This column is the opinion of a 3 year old African Grey Parrot named “Simba” who has an extremely high intelligence level. While he does not possess a degree from any college or university, he does have a strong opinion of himself and feels that he is the best candidate to answer the complex questions of today’s discerning pets…and the humans they own…
I was walking South Beach on Marco the other day. And saw a very intriguing site. A fisherman was catching bait fish and the girl who was with him was actually feeding a few of the fish to the seagulls and egrets by hand! When I asked her if she was nervous about doing that she responded, “Not at all. It takes them about 15 to 20 minutes to realize that I’m the one with the goods but eventually they trust that I won’t hurt them.” We proceeded to talk about birds in the wild and how they “forage” for food, their bond with each other, etc. She seemed to know a lot of information on different species.
What I’m curious about is if once you hand feed these beach birds do they always come looking to be hand fed? I see people feeding the birds on the beach all the time. Sometimes they even attack the food while the person is swimming in the Gulf. I would venture to say that a bag of potato chips can’t be good for them. And doesn’t it disrupt the balance of nature?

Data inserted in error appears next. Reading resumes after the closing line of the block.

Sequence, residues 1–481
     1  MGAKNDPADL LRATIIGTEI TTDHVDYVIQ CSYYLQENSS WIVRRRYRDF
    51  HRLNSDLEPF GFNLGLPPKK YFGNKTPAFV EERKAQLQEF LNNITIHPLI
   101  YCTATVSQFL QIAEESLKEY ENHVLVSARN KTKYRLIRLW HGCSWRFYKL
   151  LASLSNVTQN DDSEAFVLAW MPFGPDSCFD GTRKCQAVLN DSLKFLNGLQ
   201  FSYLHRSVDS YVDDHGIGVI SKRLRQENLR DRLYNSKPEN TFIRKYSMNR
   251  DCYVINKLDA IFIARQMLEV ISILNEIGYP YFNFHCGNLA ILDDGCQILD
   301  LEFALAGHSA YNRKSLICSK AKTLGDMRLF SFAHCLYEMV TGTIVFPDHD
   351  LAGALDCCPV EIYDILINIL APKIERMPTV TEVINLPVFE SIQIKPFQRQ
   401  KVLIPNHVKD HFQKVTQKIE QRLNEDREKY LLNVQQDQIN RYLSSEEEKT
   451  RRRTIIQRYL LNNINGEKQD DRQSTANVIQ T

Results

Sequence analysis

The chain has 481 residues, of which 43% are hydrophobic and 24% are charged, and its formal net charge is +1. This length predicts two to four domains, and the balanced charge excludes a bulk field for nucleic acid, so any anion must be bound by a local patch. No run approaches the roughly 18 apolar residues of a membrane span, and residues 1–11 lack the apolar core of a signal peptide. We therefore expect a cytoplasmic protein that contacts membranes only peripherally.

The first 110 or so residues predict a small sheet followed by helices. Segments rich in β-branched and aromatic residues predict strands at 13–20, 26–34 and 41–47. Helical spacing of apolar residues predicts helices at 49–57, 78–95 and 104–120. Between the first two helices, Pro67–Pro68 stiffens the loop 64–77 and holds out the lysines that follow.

Signed, Avian Curiosity
Haha!!! There is only one girl on Marco Island whom I know who can feed seagulls and egrets by hand and who has that kind of knowledge of birds! My human/Administrative Assistant! Hmmm…I must have a talk with her. While she’s supposed to be working for me, she’s off at the beach soaking up the sun! But that’s another column to write!
Anyway, to answer your “curiosity” in asplain terms as I can, Christina applies food management and operant conditioning in small amounts to the wild birds as she does us in large amounts at home. The definition of operant conditioning according to Wikipedia is, “a form of psychological learning where an individual modifies the occurrence and form of its own behavior due to the association of the behavior with a stimulus.” In this case the stimulus is bait fish. There is even a crow that sits on the sliding glass door sill and knocks at the door with his beak every Sunday morning. He only gets the bird feeder filled once a week. She has worked with several avian species from the smallest parakeet to the Andean Condor (I wasn’t around for that session…he had a 12 foot wing span…mine is 18 inches!) While fishing and catching bait fish, the beach birds tend to look for scraps anyway. A few fish snatched out of her hand every month or two will not change them into pets so the balance of nature can remain as stable as it has been (however, I think she might want to bring some of that fish home and cook a meal for me!). The key to working around wild birds is to act slowly. People who rush up to get a picture are so upset when the bird flies off and they have missed that perfect shot. The picture of the Osprey in this column is proof of that. She took about 10 minutes working very slowly and never looking him in the eye until the photo was actually taken. In the end she was about a foot and a half from the Osprey.
And to answer your last question…Yes! Potato chips are very bad for birds! Although I tend to be very fond of them.
Simba is owned by Christina Giordano. If you have any questions you would like Simba to answer, please email them to: AskSimba@angelsofflightproductions.com